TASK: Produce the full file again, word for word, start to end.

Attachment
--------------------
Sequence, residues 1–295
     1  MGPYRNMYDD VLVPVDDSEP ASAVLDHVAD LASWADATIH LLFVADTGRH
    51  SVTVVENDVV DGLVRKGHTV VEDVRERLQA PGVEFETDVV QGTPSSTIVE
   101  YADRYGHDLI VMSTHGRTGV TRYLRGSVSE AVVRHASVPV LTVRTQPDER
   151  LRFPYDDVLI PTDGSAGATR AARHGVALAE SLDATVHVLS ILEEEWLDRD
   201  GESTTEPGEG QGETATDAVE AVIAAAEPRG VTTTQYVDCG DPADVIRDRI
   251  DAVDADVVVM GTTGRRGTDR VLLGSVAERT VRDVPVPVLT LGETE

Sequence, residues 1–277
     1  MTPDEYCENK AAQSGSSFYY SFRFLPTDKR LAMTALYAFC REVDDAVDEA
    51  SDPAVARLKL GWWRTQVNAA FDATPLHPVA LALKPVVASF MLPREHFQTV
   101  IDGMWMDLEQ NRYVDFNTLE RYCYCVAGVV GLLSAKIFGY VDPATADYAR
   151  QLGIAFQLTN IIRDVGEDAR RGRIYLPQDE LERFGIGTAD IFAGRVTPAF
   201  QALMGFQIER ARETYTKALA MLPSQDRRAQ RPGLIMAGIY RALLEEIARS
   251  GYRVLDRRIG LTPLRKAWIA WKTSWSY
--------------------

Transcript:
Sequence, residues 1–295
     1  MGPYRNMYDD VLVPVDDSEP ASAVLDHVAD LASWADATIH LLFVADTGRH
    51  SVTVVENDVV DGLVRKGHTV VEDVRERLQA PGVEFETDVV QGTPSSTIVE
   101  YADRYGHDLI VMSTHGRTGV TRYLRGSVSE AVVRHASVPV LTVRTQPDER
   151  LRFPYDDVLI PTDGSAGATR AARHGVALAE SLDATVHVLS ILEEEWLDRD
   201  GESTTEPGEG QGETATDAVE AVIAAAEPRG VTTTQYVDCG DPADVIRDRI
   251  DAVDADVVVM GTTGRRGTDR VLLGSVAERT VRDVPVPVLT LGETE

Sequence, residues 1–277
     1  MTPDEYCENK AAQSGSSFYY SFRFLPTDKR LAMTALYAFC REVDDAVDEA
    51  SDPAVARLKL GWWRTQVNAA FDATPLHPVA LALKPVVASF MLPREHFQTV
   101  IDGMWMDLEQ NRYVDFNTLE RYCYCVAGVV GLLSAKIFGY VDPATADYAR
   151  QLGIAFQLTN IIRDVGEDAR RGRIYLPQDE LERFGIGTAD IFAGRVTPAF
   201  QALMGFQIER ARETYTKALA MLPSQDRRAQ RPGLIMAGIY RALLEEIARS
   251  GYRVLDRRIG LTPLRKAWIA WKTSWSY